CSW51 Summary 2007
CSW51 Priority Theme: The elimination of all forms of discrimination and violence against the girl child
BONNIE BERRY, WFWP UN REPRESENTATIVE
FEBRUARY 26-MAR 9, 2007 - UN HQ NYC, NY
WFWPI Summary Report
The 51st Commission on the Status of Women (CSW) was convened at 10 AM on February 26, 2007 in Conference Room 2 of UN Headquarters in New York City. The main themes and issues of this year's CSW were (a) Implementation of strategic objectives and action in critical areas of concern and further actions and initiatives: (i) the elimination of all forms of discrimination and violence against the girl child; (ii) evaluation of progress in the implementation of the agreed conclusions on the role of men and boys in achieving gender equality; (b) emerging issues, trends and new approaches to issues affecting the situation of women or equality between women and men; (c) gender mainstreaming, situations and programmatic matters. The theme focusing on ending elimination of discrimination and violence against the girl child created the appropriate opportunity for girls to be present at this CSW and give voice to their experiences, concerns and ideas regarding their reality in relation to the theme. It was exciting to see the girls and young women take hold of the chances to participate, speak and show leadership in the process of caucusing and giving input to the official delegations about the outcome document.
Newly appointed Deputy Secretary General Migiro spoke at the opening session. As Tanzania's Minister for Community Development, Gender and Children, she led her country's delegation to the CSW for many years. She committed herself as Deputy Secretary-General to supporting the ongoing work of the CSW. Ms. Migiro went on to affirm the significant contributions of the Commission in improving the lives of women and girls around the world, including the development of normative and policy frameworks to promote equality between men and women. While acknowledging progress she admitted that there is still a long way to go for full implementation, whether it is primary school enrollment, maternal mortality rates, women's economic independence or representation in decision making. Ms. Migiro pledged her support of the proposal to strengthen the UN's gender architecture (entities serving the advancement of women and their functioning), and the goal of 50/50 gender parity within the UN.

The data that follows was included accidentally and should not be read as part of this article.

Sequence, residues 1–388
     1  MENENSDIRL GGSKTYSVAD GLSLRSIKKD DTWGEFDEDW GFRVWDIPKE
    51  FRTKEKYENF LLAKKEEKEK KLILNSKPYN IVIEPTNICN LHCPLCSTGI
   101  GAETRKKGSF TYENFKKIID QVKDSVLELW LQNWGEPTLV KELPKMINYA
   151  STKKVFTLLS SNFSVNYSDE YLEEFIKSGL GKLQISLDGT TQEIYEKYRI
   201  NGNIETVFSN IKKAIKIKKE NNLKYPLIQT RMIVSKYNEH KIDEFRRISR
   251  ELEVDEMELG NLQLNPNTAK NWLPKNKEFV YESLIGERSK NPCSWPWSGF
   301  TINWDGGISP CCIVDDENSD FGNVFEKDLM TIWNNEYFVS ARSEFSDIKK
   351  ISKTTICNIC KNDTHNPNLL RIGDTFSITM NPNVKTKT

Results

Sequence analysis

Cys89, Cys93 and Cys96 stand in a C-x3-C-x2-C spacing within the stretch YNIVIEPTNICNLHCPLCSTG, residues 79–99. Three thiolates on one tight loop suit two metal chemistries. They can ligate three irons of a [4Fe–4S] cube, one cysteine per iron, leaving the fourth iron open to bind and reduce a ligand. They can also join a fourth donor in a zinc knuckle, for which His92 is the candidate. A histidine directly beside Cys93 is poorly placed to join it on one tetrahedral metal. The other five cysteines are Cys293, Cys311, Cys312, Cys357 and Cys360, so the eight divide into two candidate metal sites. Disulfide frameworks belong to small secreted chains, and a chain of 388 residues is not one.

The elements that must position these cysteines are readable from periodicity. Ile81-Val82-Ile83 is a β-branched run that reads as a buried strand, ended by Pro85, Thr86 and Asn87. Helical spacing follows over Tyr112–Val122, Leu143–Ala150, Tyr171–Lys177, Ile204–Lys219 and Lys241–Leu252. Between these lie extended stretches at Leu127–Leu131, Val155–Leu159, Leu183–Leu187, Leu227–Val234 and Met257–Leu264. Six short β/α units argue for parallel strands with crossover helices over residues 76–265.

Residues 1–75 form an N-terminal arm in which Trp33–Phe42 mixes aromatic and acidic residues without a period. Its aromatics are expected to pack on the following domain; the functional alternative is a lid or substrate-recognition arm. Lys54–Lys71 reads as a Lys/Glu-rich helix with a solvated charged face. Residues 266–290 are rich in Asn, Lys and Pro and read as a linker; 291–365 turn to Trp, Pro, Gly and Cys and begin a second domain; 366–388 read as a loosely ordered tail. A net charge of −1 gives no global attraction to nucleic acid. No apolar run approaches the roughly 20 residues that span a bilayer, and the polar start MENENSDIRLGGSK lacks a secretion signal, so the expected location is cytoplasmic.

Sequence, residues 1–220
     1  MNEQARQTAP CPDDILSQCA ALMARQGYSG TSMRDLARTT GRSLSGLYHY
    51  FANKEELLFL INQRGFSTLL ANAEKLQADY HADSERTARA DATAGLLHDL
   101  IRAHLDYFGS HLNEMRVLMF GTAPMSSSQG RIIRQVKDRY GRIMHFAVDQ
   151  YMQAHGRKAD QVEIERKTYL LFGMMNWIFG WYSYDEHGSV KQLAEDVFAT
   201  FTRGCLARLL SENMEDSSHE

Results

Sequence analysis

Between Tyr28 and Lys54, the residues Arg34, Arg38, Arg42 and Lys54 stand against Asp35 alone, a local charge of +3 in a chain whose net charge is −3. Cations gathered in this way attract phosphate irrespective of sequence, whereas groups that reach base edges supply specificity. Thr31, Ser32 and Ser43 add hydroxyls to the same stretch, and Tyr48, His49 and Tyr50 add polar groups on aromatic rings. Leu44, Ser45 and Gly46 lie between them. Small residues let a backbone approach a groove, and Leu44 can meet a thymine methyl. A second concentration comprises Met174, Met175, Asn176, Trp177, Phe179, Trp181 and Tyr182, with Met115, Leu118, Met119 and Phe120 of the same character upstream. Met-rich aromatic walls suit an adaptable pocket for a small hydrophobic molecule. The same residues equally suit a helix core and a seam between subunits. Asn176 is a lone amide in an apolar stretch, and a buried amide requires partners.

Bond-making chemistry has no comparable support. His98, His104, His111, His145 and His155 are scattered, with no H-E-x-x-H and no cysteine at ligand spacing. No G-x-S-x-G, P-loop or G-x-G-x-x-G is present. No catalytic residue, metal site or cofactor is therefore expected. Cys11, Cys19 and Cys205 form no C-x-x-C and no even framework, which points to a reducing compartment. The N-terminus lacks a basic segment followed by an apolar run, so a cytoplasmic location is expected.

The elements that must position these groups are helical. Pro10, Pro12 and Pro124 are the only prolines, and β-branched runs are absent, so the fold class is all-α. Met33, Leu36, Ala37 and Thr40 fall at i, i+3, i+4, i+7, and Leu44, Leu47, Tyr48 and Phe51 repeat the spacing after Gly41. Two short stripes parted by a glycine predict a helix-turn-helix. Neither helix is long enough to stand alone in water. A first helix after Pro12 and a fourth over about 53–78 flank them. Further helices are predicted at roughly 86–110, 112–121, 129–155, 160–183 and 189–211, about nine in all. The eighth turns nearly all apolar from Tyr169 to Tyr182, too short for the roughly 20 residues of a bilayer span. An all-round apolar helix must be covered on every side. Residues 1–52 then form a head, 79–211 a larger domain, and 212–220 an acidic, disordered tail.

As preparation for the 51st CSW, Global Youth Action Network, Working Group on Girls, NGO Committee on UNICEF, Voices of Youth and UNICEF organized worldwide input of girls and young women through focus groups, surveys and online discussions. Ideas were compiled from these young women on how to eliminate discrimination and violence against the girl child. The report entitled "It's time to listen to us!" was presented at the CSW. The key recommendation from the 1318 respondents from 59 countries and eight regions is that "Every girl should get an education". In addition, the respondents indicated that governments hold primary responsibility for protecting girls from discrimination and violence, and families, communities and governments are responsible for empowering girls.
Main sessions of the CSW gave delegate nations the opportunity to report on their country's progress and barriers to progress on each of the themes (listed above). The March 1st, afternoon main session dealt with emerging issues, trends and new approaches to issues affecting the situation of women or equality between women and men. Panelists included Secretary General's Special Advisor on Gender Issues and Advancement of Women, Rachel Mayanja, UNIFEM Director, Noeleen Heyzer and Director of the UN International Research and Training Institute of Women, Carmen Moreno. Ms. Mayanja stressed that empowering women and gender mainstreaming is the key to tackling poverty and poverty related problems. Ms. Heyzer called for monitoring of treaties and policies that target women's empowerment. Ms. Moreno emphasized the necessity of women having a voice in decision making on all levels so that societies and governments can respond to their needs.